The topic of Common Core standards has been a prominent issue in schools all across America since it was introduced. Many students, no matter how young they may be, have had to use this approach to solving mathematics and reading comprehension questions. With such rigid standards being implemented into our nation’s education system some point fingers at common core and see the system as a major factor in why children’s grades are slipping. Teachers say that it is taking up too much class time, while they could be teaching other things. Others claim that common core is a way to help ensure students’ success and allow all students to reach a steady level of academic proficiency.
Freshman, Gabrielle Girard, states that “Common Core is a waste of time and money.” Instead of doing the “basics” of math, common core is making problems more difficult by requiring students to write elaborate explanations. Learning the “simple math” that people will actually use in life, rather than “learning how it works” will save time. An article in The Salt Lake Tribune agrees with her statement saying that this new system of problem-solving is a “system of time-wasting.” It even goes as far as to say that because of the new Common Core math our country will “fall behind other countries” in mathematics.
According to excelined.org, Common Core helps students because it “requires a greater focus” on both the students part and the teachers. It gives the students a “deeper knowledge” than just “memorizing the answers”. Due to the standards, more students can understand the processes to the equations they are solving or the texts they are analyzing. It also helps all students in the classroom to be on the same page. This way of learning ensures that students are “learning and absorbing the critical information they need to succeed at higher levels.”
Junior, Rachel Vaughan, agrees with Common Core to an extent that it offers “creative options” for students to utilize when working. She feels that it also “pushes schools to improve their curriculums”, but she explains that schools have “misinterpreted” the intentions of Common Core. Instead of focusing more on getting creative and making students more interested in the program, the schools are concentrating more on “improving students grades,” but this comes “at the expense of creativity and enjoyment.”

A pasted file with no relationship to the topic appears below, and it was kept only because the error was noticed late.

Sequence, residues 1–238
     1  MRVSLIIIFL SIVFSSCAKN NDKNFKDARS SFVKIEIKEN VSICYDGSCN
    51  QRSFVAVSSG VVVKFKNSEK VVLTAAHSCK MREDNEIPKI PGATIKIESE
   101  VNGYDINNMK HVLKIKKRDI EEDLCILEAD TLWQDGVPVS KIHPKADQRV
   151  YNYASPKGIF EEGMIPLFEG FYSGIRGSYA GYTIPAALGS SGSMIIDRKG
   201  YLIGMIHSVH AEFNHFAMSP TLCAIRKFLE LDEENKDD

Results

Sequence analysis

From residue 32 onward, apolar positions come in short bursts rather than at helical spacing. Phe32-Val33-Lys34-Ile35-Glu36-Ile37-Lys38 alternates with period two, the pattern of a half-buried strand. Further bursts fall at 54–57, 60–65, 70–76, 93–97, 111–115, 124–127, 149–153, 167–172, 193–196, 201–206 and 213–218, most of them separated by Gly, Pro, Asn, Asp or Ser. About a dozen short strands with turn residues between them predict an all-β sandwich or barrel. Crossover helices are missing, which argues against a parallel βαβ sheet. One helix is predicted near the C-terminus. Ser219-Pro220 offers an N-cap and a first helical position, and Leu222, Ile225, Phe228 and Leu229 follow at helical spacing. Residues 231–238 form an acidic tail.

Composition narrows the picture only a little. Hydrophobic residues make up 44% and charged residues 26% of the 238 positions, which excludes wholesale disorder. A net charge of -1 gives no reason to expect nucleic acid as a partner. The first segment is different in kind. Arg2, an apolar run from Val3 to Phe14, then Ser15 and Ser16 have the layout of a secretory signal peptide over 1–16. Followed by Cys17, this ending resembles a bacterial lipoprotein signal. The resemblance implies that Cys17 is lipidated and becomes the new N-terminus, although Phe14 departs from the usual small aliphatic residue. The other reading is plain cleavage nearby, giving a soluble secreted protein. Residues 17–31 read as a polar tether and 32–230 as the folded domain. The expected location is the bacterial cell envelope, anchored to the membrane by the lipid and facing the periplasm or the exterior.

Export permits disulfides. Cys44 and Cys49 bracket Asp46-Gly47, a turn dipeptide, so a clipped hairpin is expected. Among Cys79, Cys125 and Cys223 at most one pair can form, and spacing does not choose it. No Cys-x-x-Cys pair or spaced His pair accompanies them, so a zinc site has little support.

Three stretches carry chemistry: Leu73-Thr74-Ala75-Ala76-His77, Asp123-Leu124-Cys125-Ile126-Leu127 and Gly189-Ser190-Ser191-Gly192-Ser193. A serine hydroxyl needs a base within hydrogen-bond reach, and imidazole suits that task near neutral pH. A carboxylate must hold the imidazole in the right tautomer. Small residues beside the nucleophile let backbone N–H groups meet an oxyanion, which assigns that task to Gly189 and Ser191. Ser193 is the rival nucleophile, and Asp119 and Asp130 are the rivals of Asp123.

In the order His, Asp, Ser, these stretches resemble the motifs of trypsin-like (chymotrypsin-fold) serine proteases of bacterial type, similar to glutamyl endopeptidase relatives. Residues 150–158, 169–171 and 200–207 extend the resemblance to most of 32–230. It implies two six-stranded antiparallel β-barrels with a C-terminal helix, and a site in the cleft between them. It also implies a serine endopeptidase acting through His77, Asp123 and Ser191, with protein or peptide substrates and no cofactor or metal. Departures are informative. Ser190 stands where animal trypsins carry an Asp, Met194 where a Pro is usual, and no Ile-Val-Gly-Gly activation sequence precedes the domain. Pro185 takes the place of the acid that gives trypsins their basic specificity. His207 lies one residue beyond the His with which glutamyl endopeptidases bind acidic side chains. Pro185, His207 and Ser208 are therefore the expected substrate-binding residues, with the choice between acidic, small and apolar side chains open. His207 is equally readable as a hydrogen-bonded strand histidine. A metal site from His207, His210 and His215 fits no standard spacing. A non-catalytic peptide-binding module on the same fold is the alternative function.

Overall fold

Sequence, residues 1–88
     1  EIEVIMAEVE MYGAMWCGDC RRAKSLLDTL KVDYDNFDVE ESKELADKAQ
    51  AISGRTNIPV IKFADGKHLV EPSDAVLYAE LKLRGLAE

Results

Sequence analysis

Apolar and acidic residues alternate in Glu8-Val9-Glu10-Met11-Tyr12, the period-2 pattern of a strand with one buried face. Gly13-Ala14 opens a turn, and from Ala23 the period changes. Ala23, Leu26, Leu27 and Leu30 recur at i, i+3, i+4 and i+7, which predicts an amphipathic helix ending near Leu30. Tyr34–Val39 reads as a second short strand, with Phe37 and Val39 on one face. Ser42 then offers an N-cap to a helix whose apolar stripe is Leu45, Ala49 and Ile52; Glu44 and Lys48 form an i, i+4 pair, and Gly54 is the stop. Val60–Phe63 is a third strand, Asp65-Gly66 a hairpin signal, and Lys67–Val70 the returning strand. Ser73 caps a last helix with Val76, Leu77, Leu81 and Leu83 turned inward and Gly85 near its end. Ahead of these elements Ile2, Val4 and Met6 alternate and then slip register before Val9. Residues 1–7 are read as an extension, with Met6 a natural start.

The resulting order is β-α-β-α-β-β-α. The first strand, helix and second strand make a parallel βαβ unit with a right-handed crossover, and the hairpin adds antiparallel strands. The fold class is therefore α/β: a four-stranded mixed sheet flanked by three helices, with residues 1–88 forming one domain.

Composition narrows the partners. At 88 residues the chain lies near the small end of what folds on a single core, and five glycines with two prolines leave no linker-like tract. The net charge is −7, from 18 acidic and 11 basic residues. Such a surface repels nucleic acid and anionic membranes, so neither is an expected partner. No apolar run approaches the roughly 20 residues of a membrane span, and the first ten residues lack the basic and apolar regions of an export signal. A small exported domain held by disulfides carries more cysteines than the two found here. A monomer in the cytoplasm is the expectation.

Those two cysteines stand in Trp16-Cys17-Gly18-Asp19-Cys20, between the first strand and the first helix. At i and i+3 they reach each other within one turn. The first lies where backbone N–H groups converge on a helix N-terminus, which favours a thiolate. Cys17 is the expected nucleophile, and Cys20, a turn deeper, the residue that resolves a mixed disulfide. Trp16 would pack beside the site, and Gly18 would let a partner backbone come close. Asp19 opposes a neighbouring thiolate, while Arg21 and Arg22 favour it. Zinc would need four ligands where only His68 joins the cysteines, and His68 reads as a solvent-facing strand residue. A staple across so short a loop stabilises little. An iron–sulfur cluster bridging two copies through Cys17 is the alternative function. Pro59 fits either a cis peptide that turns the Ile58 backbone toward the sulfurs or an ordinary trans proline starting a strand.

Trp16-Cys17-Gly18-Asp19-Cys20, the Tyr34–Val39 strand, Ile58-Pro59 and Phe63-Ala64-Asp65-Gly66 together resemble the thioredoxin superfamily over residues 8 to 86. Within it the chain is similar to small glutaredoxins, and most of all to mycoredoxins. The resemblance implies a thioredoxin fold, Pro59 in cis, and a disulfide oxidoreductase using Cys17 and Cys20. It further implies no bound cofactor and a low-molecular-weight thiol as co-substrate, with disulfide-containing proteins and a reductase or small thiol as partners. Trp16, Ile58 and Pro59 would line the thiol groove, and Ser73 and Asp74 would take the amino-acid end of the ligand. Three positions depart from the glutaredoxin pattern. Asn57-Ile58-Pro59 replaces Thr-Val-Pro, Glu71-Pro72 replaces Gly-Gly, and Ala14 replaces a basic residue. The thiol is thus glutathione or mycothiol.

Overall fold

Freshman, Lauren Gotard, thinks it is “important to practice challenging and strenuous activity for the mind.” She states that “Common Core does help with developing these skills but there is too much emphasis on the amount of time that should be spent learning these alternative methods.” In addition, Lauren believes “this is a waste of time and resources for schools.”
Standardized tests can be blamed for students only achieving the bare minimum in their academic careers. Providing a basis of student intelligence off of a number is supposed to indicate college readiness according to those standards. Opponents of Common Core have emphasized that students are more than just a number. National Review explains that Common Core is seen as “good enough”, but to be accepted into college students are supposed “to demonstrate academic preparation that exceeds the average.” With all these new standards “we undermine the need to strive for excellence that used to drive students.”